Writing

Communicating effectively in writing as appropriate for the needs of the audience.

Science

Using scientific rules and methods to solve problems.

Active Learning

Understanding the implications of new information for both current and future problem-solving and decision-making.

Monitoring

Monitoring/Assessing performance of yourself, other individuals, or organizations to make improvements or take corrective action.

Judgment and Decision Making

Considering the relative costs and benefits of potential actions to choose the most appropriate one.

Social Perceptiveness

Being aware of others' reactions and understanding why they react as they do.

Complex Problem Solving

Identifying complex problems and reviewing related information to develop and evaluate options and implement solutions.

Service Orientation

Actively looking for ways to help people.

Learning Strategies

Selecting and using training/instructional methods and procedures appropriate for the situation when learning or teaching new things.

Coordination

Adjusting actions in relation to others' actions.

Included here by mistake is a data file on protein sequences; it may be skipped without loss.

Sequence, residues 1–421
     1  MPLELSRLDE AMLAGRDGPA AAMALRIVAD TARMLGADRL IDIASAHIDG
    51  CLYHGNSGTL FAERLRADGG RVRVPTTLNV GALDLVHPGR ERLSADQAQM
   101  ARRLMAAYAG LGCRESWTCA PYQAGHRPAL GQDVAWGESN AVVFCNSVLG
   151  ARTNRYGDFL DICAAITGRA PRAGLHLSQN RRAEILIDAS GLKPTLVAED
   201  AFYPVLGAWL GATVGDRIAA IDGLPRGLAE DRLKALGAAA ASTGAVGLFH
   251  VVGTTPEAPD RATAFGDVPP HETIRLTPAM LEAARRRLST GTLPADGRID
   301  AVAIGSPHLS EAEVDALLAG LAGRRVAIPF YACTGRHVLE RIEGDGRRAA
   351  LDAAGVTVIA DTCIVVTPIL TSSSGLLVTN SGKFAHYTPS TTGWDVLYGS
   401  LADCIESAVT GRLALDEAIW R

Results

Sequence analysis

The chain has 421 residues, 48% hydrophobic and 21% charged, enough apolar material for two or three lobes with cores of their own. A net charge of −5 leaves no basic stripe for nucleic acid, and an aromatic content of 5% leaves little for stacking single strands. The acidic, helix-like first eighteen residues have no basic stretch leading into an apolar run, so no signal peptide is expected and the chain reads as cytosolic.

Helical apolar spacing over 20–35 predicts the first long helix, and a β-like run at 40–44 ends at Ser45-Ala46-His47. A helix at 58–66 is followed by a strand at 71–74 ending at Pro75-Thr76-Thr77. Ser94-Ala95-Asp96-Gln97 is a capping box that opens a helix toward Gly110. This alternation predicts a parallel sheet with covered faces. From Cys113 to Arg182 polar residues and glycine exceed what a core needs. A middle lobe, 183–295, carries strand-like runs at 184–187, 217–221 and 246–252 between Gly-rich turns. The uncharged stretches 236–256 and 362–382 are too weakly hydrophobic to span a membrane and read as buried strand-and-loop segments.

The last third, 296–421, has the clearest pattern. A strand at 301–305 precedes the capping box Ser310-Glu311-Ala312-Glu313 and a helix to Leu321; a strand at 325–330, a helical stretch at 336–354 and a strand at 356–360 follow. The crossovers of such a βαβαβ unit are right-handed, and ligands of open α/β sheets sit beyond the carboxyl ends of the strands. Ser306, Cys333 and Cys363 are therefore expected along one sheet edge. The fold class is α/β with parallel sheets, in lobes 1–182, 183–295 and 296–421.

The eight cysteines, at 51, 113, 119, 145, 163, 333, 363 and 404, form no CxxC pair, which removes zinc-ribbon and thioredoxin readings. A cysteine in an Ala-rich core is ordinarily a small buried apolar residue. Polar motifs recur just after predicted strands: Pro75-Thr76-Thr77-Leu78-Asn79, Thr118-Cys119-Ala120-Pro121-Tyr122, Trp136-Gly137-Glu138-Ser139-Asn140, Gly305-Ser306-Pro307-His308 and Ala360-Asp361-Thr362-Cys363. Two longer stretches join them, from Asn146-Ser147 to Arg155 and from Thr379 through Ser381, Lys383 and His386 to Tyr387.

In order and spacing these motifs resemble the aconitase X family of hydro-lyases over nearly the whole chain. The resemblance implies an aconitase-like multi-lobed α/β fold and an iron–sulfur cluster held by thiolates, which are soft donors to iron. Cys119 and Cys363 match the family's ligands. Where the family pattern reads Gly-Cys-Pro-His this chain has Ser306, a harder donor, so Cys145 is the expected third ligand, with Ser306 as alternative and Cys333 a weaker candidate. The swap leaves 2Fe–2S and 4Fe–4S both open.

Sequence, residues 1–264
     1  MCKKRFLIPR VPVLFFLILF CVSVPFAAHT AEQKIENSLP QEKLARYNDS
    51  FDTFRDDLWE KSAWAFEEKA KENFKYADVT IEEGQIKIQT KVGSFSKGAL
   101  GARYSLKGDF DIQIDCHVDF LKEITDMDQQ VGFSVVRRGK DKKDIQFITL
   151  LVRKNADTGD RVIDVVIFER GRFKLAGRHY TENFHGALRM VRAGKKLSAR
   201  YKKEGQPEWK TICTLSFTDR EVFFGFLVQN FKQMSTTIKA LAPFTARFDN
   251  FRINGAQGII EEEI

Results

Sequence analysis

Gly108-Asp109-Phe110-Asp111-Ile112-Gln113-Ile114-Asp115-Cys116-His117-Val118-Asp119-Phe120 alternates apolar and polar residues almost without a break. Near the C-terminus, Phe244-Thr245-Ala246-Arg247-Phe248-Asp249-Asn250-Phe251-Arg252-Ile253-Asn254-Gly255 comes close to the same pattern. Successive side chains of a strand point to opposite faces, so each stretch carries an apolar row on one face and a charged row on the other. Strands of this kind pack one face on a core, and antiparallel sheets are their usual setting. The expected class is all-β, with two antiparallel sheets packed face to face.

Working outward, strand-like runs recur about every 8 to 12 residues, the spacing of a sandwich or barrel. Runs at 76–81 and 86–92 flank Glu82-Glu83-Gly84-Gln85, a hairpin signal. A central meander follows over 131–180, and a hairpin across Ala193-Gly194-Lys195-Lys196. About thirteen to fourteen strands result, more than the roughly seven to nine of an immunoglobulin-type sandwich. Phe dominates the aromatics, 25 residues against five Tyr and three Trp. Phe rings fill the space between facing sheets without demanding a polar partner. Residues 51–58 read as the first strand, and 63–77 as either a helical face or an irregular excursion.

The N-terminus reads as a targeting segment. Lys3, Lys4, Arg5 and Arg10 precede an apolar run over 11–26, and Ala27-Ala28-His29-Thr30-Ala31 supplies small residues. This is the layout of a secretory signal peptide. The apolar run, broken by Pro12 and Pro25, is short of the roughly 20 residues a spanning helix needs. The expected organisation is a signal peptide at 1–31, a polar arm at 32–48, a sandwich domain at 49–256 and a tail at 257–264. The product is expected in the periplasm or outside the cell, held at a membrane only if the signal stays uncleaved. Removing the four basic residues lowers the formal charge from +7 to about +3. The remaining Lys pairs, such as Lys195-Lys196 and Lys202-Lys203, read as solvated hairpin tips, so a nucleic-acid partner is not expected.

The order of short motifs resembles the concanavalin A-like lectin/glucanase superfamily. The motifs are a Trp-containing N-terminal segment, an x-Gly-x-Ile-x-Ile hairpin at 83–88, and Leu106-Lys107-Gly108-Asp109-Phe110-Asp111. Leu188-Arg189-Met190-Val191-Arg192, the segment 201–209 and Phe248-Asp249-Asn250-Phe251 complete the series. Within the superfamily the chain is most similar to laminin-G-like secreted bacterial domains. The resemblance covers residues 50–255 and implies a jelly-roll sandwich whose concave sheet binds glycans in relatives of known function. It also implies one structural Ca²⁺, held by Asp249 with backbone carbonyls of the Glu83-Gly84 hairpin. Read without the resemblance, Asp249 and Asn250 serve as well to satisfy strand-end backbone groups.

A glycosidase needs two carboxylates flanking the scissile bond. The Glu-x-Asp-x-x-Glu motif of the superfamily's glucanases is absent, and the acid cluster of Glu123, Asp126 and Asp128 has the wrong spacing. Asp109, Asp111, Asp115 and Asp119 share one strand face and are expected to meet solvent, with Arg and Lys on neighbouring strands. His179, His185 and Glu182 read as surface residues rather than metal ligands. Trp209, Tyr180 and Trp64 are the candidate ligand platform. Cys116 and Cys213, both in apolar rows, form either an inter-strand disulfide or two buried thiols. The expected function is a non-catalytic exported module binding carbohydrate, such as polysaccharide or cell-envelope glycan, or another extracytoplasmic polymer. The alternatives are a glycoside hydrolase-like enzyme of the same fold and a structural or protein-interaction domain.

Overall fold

Instructing

Teaching others how to do something.

Systems Analysis

Determining how a system should work and how changes in conditions, operations, and the environment will affect outcomes.

Time Management

Managing one's own time and the time of others.

Mathematics

Using mathematics to solve problems.

Persuasion

Persuading others to change their minds or behavior.

Systems Evaluation

Identifying measures or indicators of system performance and the actions needed to improve or correct performance, relative to the goals of the system.

Management of Personnel Resources

Motivating, developing, and directing people as they work, identifying the best people for the job.

Abilities

Cognitive Abilities › Verbal Abilities › Written Comprehension

Read and understand information and ideas presented in writing.

Cognitive Abilities › Verbal Abilities › Oral Comprehension